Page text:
A sequence of bases that when translated cause the RNA polymerase to detach from the DNA molecule. Transcription stops. A Specific sequence of DNA bases marking the end of the transcription process


Nucleoside Triphosphate

contins 3 phosphate groups, ribose, and nitrogenous base


Explain that each tRNA molecule is recognized by a tRNA-activating enzyme that binds a specific amino to the tRNA, using ATP for energy

Each tRNA bonds to only one specific amino acid. The amino acid and tRNA molecule are bond by a specific enzyme. There is a specific enzyme for each of the 20 amino acid-tRNA molecule pairs. The bond between the tRNA molecule and the enzyme requires energy and this energy is supplied by ATP. The bonded amino acid and tRNA molecule form a structure called an activated amino acid.


Outline the structure of ribosomes, including protein and RNA composition, large and small subunits, three tRNA binding sites and mRNA binding sites

Ribosomes are composed of ribosomal RNA molecules (rRNA) and many distinct proteins. Molecules of the ribosomes are constructed in the nucleus. Ribosomes contains two subunits, one large and one small. Both are composed of rRNA and proteins. The ribosome contains 3 different tRNA binding sites held between the two subunits. The A site holds the tRNA carrying the next amino acid to be added to the polypeptide chain. The P site holds the tRNA carrying the growing polypeptide chain. The E site is the site from which the tRNA molecule that has lost its amino acid is discharged. The mRNA binding site is also located between the two subunits.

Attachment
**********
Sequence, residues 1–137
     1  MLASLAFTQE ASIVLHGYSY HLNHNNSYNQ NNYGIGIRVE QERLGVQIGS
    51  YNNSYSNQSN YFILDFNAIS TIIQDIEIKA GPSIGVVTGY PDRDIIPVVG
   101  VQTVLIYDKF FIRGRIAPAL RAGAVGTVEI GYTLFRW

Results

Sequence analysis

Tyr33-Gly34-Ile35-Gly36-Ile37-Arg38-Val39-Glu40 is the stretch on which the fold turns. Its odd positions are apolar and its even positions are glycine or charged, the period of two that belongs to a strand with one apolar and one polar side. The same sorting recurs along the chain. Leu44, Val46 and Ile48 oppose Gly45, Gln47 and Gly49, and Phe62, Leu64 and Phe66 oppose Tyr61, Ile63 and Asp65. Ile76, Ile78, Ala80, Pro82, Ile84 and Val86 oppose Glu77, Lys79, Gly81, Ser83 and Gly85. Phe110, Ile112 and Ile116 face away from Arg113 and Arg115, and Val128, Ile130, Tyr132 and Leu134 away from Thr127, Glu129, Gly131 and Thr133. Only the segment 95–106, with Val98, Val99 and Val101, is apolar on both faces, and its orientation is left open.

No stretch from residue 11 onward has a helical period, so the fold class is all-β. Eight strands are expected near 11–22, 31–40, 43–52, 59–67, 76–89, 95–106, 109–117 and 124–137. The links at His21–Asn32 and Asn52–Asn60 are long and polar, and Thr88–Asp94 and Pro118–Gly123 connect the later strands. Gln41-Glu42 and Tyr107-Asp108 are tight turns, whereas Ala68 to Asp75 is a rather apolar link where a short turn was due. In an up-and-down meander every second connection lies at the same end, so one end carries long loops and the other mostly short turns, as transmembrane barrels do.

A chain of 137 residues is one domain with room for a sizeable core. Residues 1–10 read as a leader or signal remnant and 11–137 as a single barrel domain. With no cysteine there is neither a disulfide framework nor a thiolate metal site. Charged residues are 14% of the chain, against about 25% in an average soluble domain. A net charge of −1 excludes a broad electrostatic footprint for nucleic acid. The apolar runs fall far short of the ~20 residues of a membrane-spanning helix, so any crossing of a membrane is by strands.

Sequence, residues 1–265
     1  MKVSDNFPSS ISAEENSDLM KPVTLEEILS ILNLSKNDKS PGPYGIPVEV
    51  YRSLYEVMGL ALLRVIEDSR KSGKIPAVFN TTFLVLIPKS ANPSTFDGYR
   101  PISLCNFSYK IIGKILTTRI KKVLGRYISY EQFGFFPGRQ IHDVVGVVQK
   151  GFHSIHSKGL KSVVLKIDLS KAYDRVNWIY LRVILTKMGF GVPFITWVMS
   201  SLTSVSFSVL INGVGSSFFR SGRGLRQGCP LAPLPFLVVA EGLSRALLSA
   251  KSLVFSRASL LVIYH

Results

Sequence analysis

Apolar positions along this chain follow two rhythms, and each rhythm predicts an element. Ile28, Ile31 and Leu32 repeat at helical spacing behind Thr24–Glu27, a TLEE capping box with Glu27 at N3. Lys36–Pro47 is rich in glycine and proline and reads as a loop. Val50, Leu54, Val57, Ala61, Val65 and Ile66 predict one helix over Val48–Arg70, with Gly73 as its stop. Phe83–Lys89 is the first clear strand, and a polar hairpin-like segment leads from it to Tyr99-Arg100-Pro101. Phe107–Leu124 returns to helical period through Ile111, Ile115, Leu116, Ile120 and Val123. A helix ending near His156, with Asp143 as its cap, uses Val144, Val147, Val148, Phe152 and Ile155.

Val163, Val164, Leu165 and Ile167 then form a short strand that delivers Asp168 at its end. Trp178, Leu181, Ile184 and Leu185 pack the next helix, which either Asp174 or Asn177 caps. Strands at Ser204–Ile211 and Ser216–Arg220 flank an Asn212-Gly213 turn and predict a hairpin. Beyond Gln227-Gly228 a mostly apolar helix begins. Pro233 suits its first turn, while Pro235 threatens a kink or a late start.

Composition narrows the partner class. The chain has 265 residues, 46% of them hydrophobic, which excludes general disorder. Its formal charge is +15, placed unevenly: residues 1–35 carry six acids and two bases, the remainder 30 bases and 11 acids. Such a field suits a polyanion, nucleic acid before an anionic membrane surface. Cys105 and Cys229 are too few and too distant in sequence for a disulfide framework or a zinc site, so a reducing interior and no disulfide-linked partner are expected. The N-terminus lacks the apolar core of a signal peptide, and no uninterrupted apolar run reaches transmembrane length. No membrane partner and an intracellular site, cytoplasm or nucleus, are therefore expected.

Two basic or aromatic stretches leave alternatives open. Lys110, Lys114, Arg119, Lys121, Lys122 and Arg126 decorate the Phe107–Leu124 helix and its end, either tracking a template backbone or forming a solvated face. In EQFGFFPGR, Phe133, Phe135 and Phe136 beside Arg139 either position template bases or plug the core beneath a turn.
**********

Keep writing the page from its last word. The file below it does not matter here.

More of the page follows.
State that translation consists of initiation, elongation, translocation and termination

The process of translation consists of four phases which are initiation, elongation, translocation and termination.


State that translation occurs in a 5' to 3' direction

The start codon of all mRNA molecules is located on the 5' end and the stop codon is located at the 3' end. This means that translation takes place in a 5' to 3' direction from the stat codon to the stop codon.


Draw and label the structure of a peptide bond between two amino acids



Explain the process of translation, including ribosomes, polysomes, start codons and stop codons

Translation takes place within a ribosome. First the start codon (AUG) of the mRNA molecule binds to the ribosomes. Next the tRNA molecule with the anticodon UAC is bonded to the enzyme methionine by way of the tRNA activating enzyme and ATP. The tRNA with the activated amino acid bonds to the start codon of the mRNA molecule located in the ribosome. More tRNA molecules containing activated amino acids bond to the mRNA molecule in order of the codons. Once a tRNA molecule has bonded to the mRNA and the amino acid has by bonded to the polypeptide chain the tRNA molecule is released from the E site. When the stop codon reaches the A site a release factor fills the A site and frees the tRNA molecule and polypeptide chain from the ribosome.


State that free ribosomes synthesize proteins for use primarily within the cell and that bound ribosomes synthesize proteins primarily for secretion of for lysosomes